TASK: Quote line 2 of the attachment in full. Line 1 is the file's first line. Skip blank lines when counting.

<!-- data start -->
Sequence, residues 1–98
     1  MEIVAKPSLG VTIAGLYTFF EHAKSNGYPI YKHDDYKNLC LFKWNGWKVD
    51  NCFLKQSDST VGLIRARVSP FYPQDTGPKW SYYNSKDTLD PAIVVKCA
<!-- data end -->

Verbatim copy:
     1  MEIVAKPSLG VTIAGLYTFF EHAKSNGYPI YKHDDYKNLC LFKWNGWKVD